The movies still feel like Sundance. But without the snow, the parties and all those packed premieres, will Sundance still feel like Sundance?
That’s the question hanging in the air Tuesday after the Sundance Film Festival announced a 2021 program full of intriguing independent-film titles, including the racial-issues drama “Passing,” starring Tessa Thompson and Ruth Negga, the feminist-nuns documentary “Rebel Hearts,” and the only-at-Sundance oddity “Cryptozoo,” a quirky animated film about a zoo that houses mythological creatures, featuring the voice of Michael Cera.
But the sprawling festival, which typically unspools over a frigid week and a half in Park City, Utah, has been forced to go mostly online this year in the face of a still-raging pandemic. That poses a unique challenge for Tabitha Jackson, who became the new director of the festival this year after six years heading the Sundance Institute’s documentary-film program.
Upon taking over from the outgoing director, John Cooper, last February — a promotion that made her both the first woman and the first person of color to head Sundance — Jackson said she wondered what she could bring to the world’s most venerated independent-film festival. “I was looking at an incredible, almost 40-year-old machine,” she said in an interview, “and thinking, ‘What is my role going to be in taking this forward?’”
Just one month later, it was clear that Jackson’s inaugural year would be anything but typical. In March, the fast-growing Covid-19 pandemic forced the cancellation of the South by Southwest festival mere days before the event was supposed to take place. Movie theaters across the country were soon shuttered, and some of the most talked-about titles to come out of Sundance 2020, like the raucous comedy “Zola,” were pulled from the calendar and still have no release date.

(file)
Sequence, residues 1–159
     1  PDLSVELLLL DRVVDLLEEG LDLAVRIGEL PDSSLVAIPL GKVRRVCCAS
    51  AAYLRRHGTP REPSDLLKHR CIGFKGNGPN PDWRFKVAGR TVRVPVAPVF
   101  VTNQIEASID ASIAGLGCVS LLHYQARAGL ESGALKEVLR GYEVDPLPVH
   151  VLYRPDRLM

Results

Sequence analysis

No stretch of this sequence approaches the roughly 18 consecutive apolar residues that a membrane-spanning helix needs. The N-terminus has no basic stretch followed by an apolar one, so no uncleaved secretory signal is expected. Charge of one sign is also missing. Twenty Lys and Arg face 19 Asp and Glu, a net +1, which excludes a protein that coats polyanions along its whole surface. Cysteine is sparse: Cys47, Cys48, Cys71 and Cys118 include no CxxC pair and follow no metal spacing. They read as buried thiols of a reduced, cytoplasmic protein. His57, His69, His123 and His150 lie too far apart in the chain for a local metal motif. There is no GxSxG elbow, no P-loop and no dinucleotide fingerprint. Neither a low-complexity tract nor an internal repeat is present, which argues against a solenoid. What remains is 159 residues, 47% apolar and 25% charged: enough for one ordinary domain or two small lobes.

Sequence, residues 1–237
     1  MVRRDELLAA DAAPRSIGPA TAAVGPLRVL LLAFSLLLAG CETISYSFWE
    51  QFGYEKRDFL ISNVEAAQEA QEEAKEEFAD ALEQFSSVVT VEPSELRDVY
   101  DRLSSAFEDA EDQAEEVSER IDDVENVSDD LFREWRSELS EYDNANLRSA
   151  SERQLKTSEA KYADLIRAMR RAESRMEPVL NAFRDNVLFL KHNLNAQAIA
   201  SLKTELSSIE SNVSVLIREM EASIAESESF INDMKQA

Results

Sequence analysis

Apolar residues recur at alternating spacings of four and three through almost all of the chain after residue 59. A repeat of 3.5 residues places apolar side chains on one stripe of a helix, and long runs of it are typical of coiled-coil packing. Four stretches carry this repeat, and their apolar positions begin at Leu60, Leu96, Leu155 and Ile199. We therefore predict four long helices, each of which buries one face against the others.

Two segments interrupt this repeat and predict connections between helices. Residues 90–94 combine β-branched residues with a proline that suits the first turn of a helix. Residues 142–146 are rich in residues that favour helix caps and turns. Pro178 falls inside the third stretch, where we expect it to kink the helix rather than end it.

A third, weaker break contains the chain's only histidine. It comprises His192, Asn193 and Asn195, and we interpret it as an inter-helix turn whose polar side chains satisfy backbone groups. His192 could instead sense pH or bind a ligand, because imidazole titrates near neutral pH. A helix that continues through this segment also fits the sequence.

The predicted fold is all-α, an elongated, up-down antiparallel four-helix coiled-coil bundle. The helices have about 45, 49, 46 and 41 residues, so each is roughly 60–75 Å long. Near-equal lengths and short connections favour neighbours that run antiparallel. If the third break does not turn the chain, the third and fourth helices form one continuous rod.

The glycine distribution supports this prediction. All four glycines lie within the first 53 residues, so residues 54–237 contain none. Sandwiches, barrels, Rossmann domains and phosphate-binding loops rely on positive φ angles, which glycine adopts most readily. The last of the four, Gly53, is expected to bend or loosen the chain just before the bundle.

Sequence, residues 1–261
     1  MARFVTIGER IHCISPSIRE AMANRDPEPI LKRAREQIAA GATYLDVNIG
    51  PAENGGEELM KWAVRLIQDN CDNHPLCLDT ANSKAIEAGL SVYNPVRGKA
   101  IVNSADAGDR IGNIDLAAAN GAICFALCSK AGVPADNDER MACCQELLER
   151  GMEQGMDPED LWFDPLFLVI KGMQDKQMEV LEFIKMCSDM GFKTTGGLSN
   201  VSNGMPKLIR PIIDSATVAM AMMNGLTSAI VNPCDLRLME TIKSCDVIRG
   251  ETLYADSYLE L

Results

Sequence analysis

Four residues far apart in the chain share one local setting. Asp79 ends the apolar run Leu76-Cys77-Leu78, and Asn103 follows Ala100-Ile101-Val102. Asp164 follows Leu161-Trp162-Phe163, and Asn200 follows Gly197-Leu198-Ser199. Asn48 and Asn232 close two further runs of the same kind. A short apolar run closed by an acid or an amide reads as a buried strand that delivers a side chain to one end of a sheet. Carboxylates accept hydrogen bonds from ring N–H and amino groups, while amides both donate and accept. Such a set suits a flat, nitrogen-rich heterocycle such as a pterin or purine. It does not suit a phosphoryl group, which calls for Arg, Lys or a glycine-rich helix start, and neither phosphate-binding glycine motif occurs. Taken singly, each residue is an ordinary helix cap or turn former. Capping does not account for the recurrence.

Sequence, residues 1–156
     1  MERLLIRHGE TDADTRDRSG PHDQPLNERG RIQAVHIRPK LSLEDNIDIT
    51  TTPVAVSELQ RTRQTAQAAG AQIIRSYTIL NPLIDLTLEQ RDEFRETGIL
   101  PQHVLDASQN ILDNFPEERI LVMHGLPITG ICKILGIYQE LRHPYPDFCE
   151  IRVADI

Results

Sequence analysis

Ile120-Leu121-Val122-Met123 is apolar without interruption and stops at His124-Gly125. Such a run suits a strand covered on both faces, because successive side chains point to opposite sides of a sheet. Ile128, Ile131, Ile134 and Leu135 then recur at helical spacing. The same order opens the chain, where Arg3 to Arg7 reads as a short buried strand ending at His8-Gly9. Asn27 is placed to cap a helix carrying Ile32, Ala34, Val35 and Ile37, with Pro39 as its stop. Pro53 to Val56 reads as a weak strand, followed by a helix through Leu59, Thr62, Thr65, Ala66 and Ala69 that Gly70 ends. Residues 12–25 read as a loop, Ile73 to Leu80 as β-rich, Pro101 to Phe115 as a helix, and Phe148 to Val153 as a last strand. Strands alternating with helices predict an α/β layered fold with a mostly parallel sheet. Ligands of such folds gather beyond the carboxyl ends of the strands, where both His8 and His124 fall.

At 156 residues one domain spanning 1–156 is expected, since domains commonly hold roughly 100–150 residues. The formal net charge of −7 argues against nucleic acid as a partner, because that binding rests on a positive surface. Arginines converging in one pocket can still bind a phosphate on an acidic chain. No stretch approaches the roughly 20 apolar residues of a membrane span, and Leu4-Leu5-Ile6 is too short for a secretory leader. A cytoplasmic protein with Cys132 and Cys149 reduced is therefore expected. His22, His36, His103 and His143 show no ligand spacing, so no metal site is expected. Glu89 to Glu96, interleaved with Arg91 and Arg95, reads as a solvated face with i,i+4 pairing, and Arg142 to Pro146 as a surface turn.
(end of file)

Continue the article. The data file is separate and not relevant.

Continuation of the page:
By June, Jackson knew she would have to plan for a Sundance that would play out primarily on the internet. “The core of the festival being digital just seemed necessary for our public health and for our sanity, so we could have some certainty of what we were planning for,” she said. And much to the programmers’ surprise, the flood of submissions mostly kept pace with the previous year.
The director of programming, Kim Yutani, said, “The difference was negligible, which was really scary, and really heartening.”
Still, Jackson was determined to slim down the sometimes overstuffed Sundance lineup: The 2021 program consists of 72 features, down from the usual 120, and the festival has contracted somewhat, now running from Jan. 28 to Feb. 3. “Other festivals have decided to go longer — we’ve decided to go shorter and more concise,” Jackson said. “It’s a more intense burst of energy.”
In addition to an online platform that will make those films more accessible than ever to audiences outside Park City, Sundance will add a virtual hangout space where viewers can talk to each other and recommend things they’ve watched. That sense of buzz, Jackson said, “is such a value that we have at the in-person festival, where people on shuttle buses talk about films they’ve just seen and liked. We wanted to recreate that.”
Some of the high-profile films intended to get people chatting include the suicide-pact comedy “On the Count of Three,” from the actor-director Jerrod Carmichael, “CODA,” a drama about a young woman with deaf parents, and “Land,” the feature directorial debut of the “House of Cards” actress Robin Wright. (Of the films selected for the festival’s two narrative competition lineups, 50 percent are directed by women.)
Sundance can also point to a robust documentary lineup, and Jackson is especially high on “Summer Of Soul (… Or, When the Revolution Could Not Be Televised),” a music documentary about the 1969 Harlem Cultural Festival, an event held to celebrate African-American music that happened the same summer as Woodstock. It’s directed by Ahmir “Questlove” Thompson.
Jackson has even put together a contingency plan for in-person premieres: Depending on the state of curfews and public-health guidelines in late January, some of these Sundance movies could also debut at drive-in screenings in major cities and at independent cinemas across the country. “We still hold out the hope of audiences around the country being able to go somewhere to watch a film together,” she said. “We’re going to plan for it until we can’t.”
If that plan falls through, though, Jackson hopes that a virtual Sundance can still convey the same magic from a laptop or a living-room TV. And if viewers are really eager to simulate the Sundance experience, they could always don a wool beanie or heavy coat before pressing “play.”
“We do want people to dress for Sundance, whatever that means,” Jackson said with a laugh. “So if you want to be encased in warm winter gear, then take a photograph of it and we’ll put it on the online platform.”
For the full lineup, go to sundance.org.